Spring is only a few sleeps away on the calendar, but is definitely dragging her feet. Maybe her watch is slow! Nonetheless (knock on the wood paneling next to my rocker) the piles of snow which were in the park have mostly melted. And, it may be my imagination but the willow branches seem to be taking on that incandescent glow that comes with rising sap.
The juncos and finches are growing ever more belligerent with each passing day. Reeling, squalling, pecking, wing-thrashing and kickboxing are signs of rising sap in the boy birds too. As yet the girls are giving them the cold shoulder, but it won't be long before they start to swoon and bat their eyes.
And the most reliable sign of spring are the snowbirds passing at 90 kms per hour up on the highway, towing their 5th wheels and trailers back from a winter in more southern and gentler climes. I've seen three go by in the past five minutes.
I'm eager to get out and into the garden. I expect everyone else is too. Just about everyone has a pot or two of flowers in the summer, some people have small gardens bursting with colour and fragrance that we all enjoy as we walk past to and from the beach.
But we are surrounded by natural beauty without even breaking ground (or a sweat). I wonder how many realize the diversity of native plant life in and around the park? See photos of some of the many native and naturalized plants which grow here. Some of these are already up and active, as the chickweed pictured here, whose portrait I took just this afternoon. You can see that some of the leaves are bleached, killed by the extreme cold we've experienced in the last week or so. Chickweed is considered a nuisance by most gardeners and yet it is an extremely useful plant. There's no reason it couldn't be used as a ground cover plant in zeri-scaped gardens, as it survives on little water and forms an attractive thick matt.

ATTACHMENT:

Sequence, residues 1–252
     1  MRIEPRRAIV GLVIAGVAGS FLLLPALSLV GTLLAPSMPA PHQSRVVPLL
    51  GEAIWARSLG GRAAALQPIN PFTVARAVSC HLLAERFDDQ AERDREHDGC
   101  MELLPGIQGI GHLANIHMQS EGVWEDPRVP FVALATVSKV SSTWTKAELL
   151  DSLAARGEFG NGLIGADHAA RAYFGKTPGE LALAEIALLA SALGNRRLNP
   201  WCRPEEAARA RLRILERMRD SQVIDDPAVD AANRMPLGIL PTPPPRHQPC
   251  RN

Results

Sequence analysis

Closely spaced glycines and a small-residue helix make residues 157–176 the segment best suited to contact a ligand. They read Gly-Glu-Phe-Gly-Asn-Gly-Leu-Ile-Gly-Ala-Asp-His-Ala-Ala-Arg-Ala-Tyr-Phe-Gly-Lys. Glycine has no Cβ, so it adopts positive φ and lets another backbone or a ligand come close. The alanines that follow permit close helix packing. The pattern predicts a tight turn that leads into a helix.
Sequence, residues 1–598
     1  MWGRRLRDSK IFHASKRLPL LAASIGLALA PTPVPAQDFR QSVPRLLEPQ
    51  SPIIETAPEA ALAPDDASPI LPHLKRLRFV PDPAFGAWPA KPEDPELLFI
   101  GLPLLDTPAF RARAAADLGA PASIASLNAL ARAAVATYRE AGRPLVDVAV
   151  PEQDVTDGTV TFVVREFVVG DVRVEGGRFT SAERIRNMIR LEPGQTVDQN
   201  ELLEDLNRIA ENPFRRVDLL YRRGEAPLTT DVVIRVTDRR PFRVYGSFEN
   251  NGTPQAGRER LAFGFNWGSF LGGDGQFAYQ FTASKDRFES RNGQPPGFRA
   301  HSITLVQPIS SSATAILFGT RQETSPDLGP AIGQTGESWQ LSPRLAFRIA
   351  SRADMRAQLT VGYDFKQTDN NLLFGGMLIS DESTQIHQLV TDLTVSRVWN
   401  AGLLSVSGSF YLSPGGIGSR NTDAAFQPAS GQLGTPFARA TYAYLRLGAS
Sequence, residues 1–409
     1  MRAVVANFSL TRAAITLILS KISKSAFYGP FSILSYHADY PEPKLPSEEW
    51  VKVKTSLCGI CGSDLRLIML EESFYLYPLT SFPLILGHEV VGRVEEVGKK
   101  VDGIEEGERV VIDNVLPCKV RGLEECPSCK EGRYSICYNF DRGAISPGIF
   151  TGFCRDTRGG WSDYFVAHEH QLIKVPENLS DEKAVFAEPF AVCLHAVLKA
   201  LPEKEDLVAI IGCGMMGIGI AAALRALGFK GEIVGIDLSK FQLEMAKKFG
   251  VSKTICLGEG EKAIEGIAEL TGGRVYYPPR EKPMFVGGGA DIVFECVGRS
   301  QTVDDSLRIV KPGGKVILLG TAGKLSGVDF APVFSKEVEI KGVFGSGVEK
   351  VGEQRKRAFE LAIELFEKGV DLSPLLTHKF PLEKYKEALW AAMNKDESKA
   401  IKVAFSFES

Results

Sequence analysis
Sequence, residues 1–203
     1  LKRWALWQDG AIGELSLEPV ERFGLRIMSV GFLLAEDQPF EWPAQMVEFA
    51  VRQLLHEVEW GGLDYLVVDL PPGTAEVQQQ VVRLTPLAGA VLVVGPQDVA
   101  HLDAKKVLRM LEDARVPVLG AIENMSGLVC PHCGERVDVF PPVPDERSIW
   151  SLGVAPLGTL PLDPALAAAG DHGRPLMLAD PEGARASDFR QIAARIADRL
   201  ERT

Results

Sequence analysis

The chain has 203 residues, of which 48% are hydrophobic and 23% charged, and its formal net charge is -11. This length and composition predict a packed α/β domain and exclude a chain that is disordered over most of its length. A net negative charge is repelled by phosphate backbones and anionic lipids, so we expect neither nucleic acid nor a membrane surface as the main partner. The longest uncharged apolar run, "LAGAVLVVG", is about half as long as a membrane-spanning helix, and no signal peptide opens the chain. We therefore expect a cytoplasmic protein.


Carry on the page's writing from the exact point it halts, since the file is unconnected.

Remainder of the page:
Because it is such an early riser in the spring it was used as a fresh potherb by settlers starved for anything fresh and green after a long winter of preserved foods. The flavour is like a mild spinach. Chickweed is high in vitamin C, beta-carotene, calcium, potassium, magnesium and other minerals and nutrients.
As an Herbalist I wince when I see people chopping out the beautiful rosettes of the Great Mullein, which surely has to be one of nature's most useful gifts. A valued and much-loved garden flower in England, mullein survives some of the toughest conditions with grace. Settlers used to dip the dried flower stalk in wax to form candles. A tea made of the soft fuzzy leaves is an excellent remedy for cough, and can clear asthma in many people with no harmful side effects. A cup of the yellow flowers and olive or grape oil can be gently simmered in a double boiler for 20 minutes, then bottled to use as a treatment for earache or muscle aches. The tiny black seeds can be used the same way.
Burdock is another introduced invasive plant which produces a stunning addition to the garden, with large, tropical-appearing leaves, but this bi-annual should never be allowed to go to seed, as the seeds are marble-sized balls of barbs which can trap bats and small birds, and fatally lodge in the mouth or esophagus of any animal which tries to browse the attractive plant. Plants should be dug out or turned out of their pots as they bud. The roots can be washed, dried and then chopped and used to make a healthy tea which is full of minerals.
Many of the native plants we consider "weeds" were used by the First People as medicines, and those introduced, like mullein, dandelion and burdock, were brought to the New World because of their use as medicines in Europe for centuries. Knowing about how plants were used by our ancestors really increases your appreciation for both the plants and the wisdom of those "Old Ones".